The advantages of solar energy in Nevada have persuaded many homeowners to install solar panels and enjoy clean energy. Interestingly, they produce more solar energy than they can consume.
If you are a homeowner in NV and you use solar energy, you might be interested in learning what happens to the excess solar energy you produce. This article explains Nevada’s net metering program including its rules and whether the state buys excess solar energy from homeowners.
Nevada Net Metering
NV Energy offers net metering to homeowners, which allows them to send the excess solar energy they produce to the grid for distribution to other homeowners. In return, they earn credits at full retail price for the excess energy they send to the grid. The credits are recorded in the customer’s bill.
Each kilowatt-hour a homeowner sends to the grid offsets one kilowatt-hour of grid usage. The homeowner earns credit for the excess power, which is used to offset their power bill in the month or subsequent month.
Unlike in other states where energy providers buy the excess electricity homeowners produce at wholesale price, Nevada trades the excess solar energy for credits at retail price. This implies that if a homeowner uses more energy from the grid than they send to the grid, they pay the difference.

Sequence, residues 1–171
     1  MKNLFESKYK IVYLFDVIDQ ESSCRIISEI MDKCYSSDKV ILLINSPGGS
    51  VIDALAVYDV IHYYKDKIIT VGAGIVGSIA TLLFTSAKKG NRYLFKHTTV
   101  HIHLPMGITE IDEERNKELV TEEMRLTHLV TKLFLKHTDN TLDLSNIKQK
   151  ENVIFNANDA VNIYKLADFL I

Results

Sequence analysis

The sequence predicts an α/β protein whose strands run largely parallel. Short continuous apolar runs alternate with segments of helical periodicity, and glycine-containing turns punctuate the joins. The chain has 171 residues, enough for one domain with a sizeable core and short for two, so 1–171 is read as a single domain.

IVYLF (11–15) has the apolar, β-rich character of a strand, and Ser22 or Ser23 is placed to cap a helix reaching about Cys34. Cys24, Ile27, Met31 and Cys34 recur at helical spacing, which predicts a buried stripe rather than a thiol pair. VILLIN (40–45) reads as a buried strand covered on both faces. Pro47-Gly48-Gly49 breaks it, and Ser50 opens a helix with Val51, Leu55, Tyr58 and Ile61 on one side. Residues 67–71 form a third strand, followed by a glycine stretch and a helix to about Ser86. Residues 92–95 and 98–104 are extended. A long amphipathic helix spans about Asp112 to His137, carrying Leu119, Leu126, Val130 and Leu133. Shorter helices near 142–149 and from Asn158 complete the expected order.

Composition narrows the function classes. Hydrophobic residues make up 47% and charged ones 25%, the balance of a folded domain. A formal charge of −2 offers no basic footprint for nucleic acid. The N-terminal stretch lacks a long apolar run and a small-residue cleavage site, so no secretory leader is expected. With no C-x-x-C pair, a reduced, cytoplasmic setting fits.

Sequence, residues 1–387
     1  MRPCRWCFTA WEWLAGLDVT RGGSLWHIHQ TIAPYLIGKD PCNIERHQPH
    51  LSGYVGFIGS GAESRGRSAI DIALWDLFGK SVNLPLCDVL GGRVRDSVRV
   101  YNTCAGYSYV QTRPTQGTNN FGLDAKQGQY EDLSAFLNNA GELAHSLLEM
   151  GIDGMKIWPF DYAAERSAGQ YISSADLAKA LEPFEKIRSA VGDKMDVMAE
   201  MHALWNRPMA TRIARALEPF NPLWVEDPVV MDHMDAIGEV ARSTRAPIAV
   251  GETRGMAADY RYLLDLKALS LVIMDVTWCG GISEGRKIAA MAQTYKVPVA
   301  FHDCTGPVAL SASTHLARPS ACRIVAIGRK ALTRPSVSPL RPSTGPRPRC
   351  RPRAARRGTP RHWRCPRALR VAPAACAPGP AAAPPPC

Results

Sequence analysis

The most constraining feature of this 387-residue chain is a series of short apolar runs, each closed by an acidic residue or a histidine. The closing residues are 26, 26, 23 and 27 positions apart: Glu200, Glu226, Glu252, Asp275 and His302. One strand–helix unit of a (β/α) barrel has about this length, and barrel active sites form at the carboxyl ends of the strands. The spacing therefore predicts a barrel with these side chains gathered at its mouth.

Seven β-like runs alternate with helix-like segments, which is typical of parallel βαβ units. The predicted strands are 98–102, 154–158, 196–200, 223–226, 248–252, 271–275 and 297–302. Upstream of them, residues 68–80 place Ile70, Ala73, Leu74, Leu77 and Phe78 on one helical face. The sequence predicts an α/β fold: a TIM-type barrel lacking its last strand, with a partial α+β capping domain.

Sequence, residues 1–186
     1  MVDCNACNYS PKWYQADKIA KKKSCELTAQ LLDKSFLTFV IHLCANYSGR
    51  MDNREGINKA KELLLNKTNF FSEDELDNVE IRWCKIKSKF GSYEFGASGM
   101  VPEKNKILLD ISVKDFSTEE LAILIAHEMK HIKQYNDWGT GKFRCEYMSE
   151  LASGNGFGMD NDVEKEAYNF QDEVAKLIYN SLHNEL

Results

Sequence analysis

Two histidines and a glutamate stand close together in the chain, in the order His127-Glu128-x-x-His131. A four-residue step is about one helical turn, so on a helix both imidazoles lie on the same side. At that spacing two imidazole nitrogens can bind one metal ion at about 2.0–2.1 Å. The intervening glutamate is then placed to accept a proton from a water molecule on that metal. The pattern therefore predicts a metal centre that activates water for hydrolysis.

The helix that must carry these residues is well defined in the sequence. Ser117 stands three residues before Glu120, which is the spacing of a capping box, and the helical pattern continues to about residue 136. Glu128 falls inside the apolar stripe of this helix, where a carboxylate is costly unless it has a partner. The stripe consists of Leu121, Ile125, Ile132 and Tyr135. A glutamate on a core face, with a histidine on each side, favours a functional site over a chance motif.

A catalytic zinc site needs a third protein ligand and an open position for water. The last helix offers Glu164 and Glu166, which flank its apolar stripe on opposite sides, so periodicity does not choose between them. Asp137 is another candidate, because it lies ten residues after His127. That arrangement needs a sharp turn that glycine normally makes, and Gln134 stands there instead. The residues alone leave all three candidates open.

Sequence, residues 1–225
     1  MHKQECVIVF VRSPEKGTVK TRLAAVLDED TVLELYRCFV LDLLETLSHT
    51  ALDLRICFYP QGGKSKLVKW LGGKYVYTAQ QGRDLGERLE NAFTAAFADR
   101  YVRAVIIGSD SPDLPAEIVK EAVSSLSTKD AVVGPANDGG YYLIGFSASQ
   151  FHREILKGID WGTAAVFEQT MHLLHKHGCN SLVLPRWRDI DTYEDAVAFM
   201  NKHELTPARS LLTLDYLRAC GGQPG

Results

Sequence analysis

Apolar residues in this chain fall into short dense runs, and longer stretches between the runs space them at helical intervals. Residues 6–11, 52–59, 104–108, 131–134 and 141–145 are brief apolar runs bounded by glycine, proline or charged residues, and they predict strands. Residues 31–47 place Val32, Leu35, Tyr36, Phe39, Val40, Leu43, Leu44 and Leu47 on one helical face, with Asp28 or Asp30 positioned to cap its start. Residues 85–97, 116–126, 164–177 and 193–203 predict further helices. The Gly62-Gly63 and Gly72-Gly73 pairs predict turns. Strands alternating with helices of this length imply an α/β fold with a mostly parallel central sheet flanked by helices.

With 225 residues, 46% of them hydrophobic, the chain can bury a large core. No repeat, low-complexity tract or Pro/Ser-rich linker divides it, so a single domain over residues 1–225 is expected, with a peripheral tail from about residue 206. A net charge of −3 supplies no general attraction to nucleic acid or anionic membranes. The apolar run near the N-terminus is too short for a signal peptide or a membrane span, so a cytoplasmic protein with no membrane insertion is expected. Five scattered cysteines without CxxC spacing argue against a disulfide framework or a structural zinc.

If they use less, they earn credit forwarded to their subsequent bill. Notably, solar credits do not cover the monthly grid connection fee of $12.50. Fortunately, homeowners enjoy power from the grid when their solar does not produce enough to meet their power needs, especially at night or on cloudy days.
What are NV Energy’s net metering rates and rate plans?
Since 2021, NV Energy’s net metering rate has been 75% of the retail rate. Homeowners are guaranteed to get the rate they initially received for 20 years. Homeowners going solar with NV Energy can choose one of the three net metering rate plans to get net metered:
- Standard rate – The homeowner pays a fixed price per kWh at all times, and the credit for excess hours is based on that price.
- Time-of-use rate – Under this rate plan, the cost of power changes depending on the time consumed. The cost is highest during the evening hours.
- EV rate – This rate applies the same terms as the time-of-use rate but adds an extra-low overnight rate to promote electric vehicle charging at night.
Deciding on the best rate can be confusing, especially if you don’t understand how the rate plans work. The standard rate plan is the easiest and most preferred by most people. The time-of-use rate plan is the best if you rarely use power during peak hours, especially between 5 to 9 PM in summer.
Going Solar with Solar Optimum
Are you in Nevada and interested in adopting solar energy? Solar Optimum is currently serving customers in Las Vegas, Henderson, North Las Vegas, South Las Vegas, Boulder City, and Blue Diamond. Get in touch with our team today for more information.